Pain, Growth, Healing, and Moving Forward
Across Canada, today is National Indigenous Peoples Day; a day for all Canadians to recognize and celebrate the heritage, diverse cultures, and achievements of First Nations, Inuit, and Métis peoples.
This year marks the 25th anniversary since the day was announced in 1996 through a proclamation by then Governor General of Canada, Roméo LeBlanc, after consultations with various Indigenous groups. June 21st was chosen for many reasons, including its cultural significance with the summer solstice, and the fact that it is a day on which many Indigenous peoples and communities traditionally celebrate their heritage.
For the past 25 years, this day has been celebrated with traditional ceremonies and events that recognize the contributions of first people and celebrate the different Indigenous cultures through performances, activities, and displays of arts and crafts.
As a proud Indigenous-owned and operated construction company within Shxw’ōwhámél First Nation traditional territory, SVLP will be celebrating this year’s National Indigenous Peoples Day alongside their members through a BBQ event hosted onsite, which will include an opening prayer, food, and various activity stations.
However, in light of the recent discovery of the 215 Indigenous children whose remains were found near the former Kamloops Residential School on the Tk’emlups te Secwépemc First Nation land, this year’s event will be more somber and carry more significance. To honour and remember the 215 children and the many others that continue to be found near other former residential schools throughout the country, SVLP will be incorporating a moment of silence at the beginning of their event.
“Today is a day to honour Indigenous peoples in Canada, while also reflecting on the traumatic history of the residential school system, especially in light of the recent findings in Kamloops,” says Alfred James, CEO of SVLP. “Despite our dark history and the pain that our people continue to live with, we also acknowledge and celebrate the incredible strength, resilience, and growth that Indigenous people demonstrate.”
“At SVLP, we provide Indigenous people with opportunities to gain new skills, training, certifications, and career advancements, something I am incredibly proud of,” continues Alfred. “We prioritize employment for Indigenous peoples. Currently, our company has seven Shxw’ōwhámél First Nation members working on major projects within the company, including the Trans Mountain Expansion Project. Together with our partners, we’ve hired over 30 Shxw’ōwhámél First Nation and other Indigenous people, making us the top Indigenous employer in the Fraser Valley.”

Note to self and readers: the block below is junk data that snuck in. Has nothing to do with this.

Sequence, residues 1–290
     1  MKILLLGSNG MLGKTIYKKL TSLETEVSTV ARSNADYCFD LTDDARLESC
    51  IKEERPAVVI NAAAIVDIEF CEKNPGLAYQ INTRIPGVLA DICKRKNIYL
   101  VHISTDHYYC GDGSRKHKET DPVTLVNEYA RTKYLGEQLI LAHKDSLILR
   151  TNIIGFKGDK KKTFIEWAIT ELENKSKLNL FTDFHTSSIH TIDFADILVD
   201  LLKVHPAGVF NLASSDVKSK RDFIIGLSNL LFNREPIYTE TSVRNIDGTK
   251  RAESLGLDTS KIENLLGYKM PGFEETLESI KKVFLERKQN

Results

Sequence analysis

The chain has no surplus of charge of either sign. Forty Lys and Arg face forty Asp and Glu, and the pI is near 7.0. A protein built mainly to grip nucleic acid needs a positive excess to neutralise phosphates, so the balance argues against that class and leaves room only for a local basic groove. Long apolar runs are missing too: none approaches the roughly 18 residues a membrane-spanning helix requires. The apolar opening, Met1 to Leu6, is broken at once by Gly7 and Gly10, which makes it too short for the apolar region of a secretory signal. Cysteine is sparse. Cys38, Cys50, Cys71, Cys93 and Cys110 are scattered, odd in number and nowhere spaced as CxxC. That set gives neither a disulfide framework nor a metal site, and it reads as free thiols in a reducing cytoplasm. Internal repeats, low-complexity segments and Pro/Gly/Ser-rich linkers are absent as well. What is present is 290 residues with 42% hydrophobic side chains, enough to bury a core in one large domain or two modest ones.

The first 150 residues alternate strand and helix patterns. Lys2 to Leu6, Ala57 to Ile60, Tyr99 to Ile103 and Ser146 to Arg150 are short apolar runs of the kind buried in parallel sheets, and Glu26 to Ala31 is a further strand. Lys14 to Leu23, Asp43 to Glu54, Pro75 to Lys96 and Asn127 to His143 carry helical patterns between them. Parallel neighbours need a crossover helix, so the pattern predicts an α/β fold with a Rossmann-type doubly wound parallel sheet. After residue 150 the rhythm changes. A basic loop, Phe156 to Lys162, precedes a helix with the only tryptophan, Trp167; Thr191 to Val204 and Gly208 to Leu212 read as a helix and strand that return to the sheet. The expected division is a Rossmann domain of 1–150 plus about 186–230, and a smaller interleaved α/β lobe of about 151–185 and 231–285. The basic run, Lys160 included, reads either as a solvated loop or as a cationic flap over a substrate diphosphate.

SVLP Finance Administrator, Joleen Peters, reflects on National Indigenous Peoples Day and the importance of healing and moving forward past generational trauma. “I am proud to identify as Sto:lo, the people of the River. In light of the recent findings and reoccurring pain within our communities, solutions must be provided so we can move forward, heal, and gain closure from the horrific events of the Residential School System,” says Joleen.
“We are a resilient and strong nation considering all that we have been through, and I am proud to work with SVLP. We have an incredible team and workforce, each with our own strengths and qualities that contribute to our success,” continues Joleen. “To witness where we started just 6 years ago, to where we are today, and where we’re heading; I am excited about the future.”
The hope on this day, and all days ahead, is that Canadian’s engage with the different Indigenous cultures and celebrations, taking the time to learn the history – the true history, with all of its darkness – and reflect on the issues faced by Indigenous communities.
SVLP looks forward to continuing to build positive relationships with their industry partners, and encourages other businesses to visit their territory and learn more about their capacity for projects that add value to their surrounding communities. SVLP is eager and ready to execute meaningful projects within their traditional territory and looks forward to ongoing economic development opportunities as they aim to build a prosperous and successful future for Indigenous people.
Further Reading on the Residential School System
The Kamloops Residential School was one of the largest residential schools in Canada and the 215 deaths are believed to have been undocumented until their recent discovery. In total, over 130 residential schools operated in Canada between 1831 and 1996, created by Christian churches and the Canadian government. These schools were established as a way to assimilate Indigenous children into Euro-Canadian culture and Canadian society. In total, an estimated 150,000 First Nation, Inuit, and Métis children attended residential schools, of which, a reported 6,000 died. However, we know that number does not truly reflect how many children passed away since the records are incomplete.
Indigenous children were forced into residential schools, tearing apart families and communities. The trauma from this continues to have long-term effects on Indigenous peoples. After the last residential school closed in 1996, former students demanded recognition and restitution, resulting in the Indian Residential Schools Settlement Agreement in 2007 and a formal public apology by Prime Minister Stephen Harper in 2008. The continued discovery of child remains at former residential school sites is a reminder of the long historic oppression and systemic barriers faced by Indigenous peoples in Canada that in many ways continue today.